A long-standing belief in stem cell biology is that stem cells circumvent classic cell division to keep their daughter cells healthy. But new results show that this isnt true after all; stem cells divide just like any other cell, parsing their chromosomes randomly between the progeny.
To keep organisms running smoothly, stem cells rejuvenate tissues by providing a constant supply of fresh cells. But every time a stem cell copies its chromosomes, it puts itself at risk of generating mutations in the new chromosomes. Scientists have thought for more than 30 years that stem cells avoid mutations by segregating their chromosomes asymmetrically--placing all the new chromosomes they create when replicating into the new cell and keeping the old ones as an error-free template, an idea called the "immortal strand hypothesis."
The case is not clear-cut. On the one hand, some studies have yielded evidence that backs the hypothesis. But other work in fruit flies and worms has shown that the DNA gets randomly distributed between the stem cell and its daughter cell heading for tissue. To figure out what's going on in mammalian cells, stem cell biologist Sean Morrison of the University of Michigan, Ann Arbor, and colleagues turned to blood stem cells.
First, they used a compound called BrdU to label stem cell DNA, putting it in the drinking water of adult mice for 10 days so that it slipped into the new stem cells the animals were making. Then they gave clean water to the rodents, killing some after 40, 70, and 120 days. As stem cells produced cells destined for tissue, the team reasoned, the stem cells would either keep all the BrdU, thus supporting the immortal strand hypothesis. Or, if a stem cell distributed replicated DNA randomly between itself and its daughter cell, the stem cell would run out of BrdU over time. And that was exactly what happened: By 120 days, the number of blood stem cells that held BrdU dropped to 2%. Additional experiments supported this result. "In no case did we find evidence of asymmetric chromosome segregation," says Morrison.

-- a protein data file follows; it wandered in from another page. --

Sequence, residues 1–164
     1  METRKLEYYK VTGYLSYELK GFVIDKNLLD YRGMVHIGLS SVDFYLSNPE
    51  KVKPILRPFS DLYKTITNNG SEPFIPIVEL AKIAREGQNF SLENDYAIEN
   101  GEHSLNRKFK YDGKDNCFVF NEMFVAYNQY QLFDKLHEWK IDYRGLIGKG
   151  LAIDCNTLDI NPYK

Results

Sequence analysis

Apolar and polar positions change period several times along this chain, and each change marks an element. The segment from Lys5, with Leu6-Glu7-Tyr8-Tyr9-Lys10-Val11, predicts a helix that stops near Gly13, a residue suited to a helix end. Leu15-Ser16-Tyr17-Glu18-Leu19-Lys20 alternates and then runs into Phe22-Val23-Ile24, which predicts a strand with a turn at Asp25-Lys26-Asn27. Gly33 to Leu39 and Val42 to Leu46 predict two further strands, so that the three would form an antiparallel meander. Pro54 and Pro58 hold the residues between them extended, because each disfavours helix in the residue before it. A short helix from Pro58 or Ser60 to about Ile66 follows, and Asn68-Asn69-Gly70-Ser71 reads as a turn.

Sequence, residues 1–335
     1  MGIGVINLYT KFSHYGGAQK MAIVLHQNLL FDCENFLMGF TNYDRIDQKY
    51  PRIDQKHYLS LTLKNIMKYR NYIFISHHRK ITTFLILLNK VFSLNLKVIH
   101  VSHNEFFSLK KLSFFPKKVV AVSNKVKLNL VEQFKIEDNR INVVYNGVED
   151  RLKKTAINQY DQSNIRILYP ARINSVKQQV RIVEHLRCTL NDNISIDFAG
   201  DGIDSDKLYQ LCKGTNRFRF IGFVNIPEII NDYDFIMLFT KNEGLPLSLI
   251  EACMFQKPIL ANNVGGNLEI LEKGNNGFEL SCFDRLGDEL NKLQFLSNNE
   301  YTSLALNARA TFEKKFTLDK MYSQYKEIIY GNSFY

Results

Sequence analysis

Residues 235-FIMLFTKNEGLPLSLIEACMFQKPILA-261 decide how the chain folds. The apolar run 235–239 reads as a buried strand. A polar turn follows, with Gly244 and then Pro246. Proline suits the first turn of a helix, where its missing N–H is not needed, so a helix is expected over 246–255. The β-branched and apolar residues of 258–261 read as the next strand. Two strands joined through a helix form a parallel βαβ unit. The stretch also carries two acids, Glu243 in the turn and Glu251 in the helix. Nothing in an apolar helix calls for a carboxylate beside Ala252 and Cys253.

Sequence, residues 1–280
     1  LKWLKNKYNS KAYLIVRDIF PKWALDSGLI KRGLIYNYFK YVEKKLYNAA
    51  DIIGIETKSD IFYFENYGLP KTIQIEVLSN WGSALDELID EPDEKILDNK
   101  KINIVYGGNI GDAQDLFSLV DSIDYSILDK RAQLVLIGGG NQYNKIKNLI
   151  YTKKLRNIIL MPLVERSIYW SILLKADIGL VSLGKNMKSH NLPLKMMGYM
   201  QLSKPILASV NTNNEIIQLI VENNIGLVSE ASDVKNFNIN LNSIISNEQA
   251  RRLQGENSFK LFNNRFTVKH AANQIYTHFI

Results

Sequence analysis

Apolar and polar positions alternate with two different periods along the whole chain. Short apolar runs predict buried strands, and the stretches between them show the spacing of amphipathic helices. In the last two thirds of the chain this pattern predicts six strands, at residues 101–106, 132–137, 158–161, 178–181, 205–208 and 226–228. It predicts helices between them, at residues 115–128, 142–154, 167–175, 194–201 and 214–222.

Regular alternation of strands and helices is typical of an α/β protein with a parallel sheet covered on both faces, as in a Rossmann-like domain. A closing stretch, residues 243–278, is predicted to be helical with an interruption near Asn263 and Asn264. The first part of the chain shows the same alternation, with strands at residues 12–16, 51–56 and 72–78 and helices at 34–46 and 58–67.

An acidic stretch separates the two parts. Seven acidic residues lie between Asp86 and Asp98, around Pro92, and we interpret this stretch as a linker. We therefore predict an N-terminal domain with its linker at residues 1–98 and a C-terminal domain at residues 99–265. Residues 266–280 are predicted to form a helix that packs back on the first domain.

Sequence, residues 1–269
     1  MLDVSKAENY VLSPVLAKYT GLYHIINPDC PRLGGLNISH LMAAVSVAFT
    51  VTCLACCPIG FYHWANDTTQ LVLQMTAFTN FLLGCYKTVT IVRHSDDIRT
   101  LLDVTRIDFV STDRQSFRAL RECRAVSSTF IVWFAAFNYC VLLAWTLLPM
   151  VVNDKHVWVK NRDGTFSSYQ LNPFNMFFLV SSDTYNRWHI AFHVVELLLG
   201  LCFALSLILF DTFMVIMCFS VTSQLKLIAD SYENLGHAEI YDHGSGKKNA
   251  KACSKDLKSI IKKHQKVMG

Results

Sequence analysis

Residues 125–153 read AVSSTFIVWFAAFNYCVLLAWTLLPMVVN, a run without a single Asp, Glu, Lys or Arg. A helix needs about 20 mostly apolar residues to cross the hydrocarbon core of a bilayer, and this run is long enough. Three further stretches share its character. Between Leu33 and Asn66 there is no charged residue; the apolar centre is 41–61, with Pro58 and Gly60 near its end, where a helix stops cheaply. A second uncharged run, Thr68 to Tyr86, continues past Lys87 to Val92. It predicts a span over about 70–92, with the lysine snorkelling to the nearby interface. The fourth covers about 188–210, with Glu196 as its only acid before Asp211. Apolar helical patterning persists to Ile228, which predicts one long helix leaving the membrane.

The experiments, reported in Nature, show that at least for blood stem cells, asymmetric segregation doesn't hold up, says developmental geneticist Allan Spradling of the Carnegie Institution in Baltimore, Maryland: "It's a fairly serious blow to those who support this as a mechanism for stem cell biology."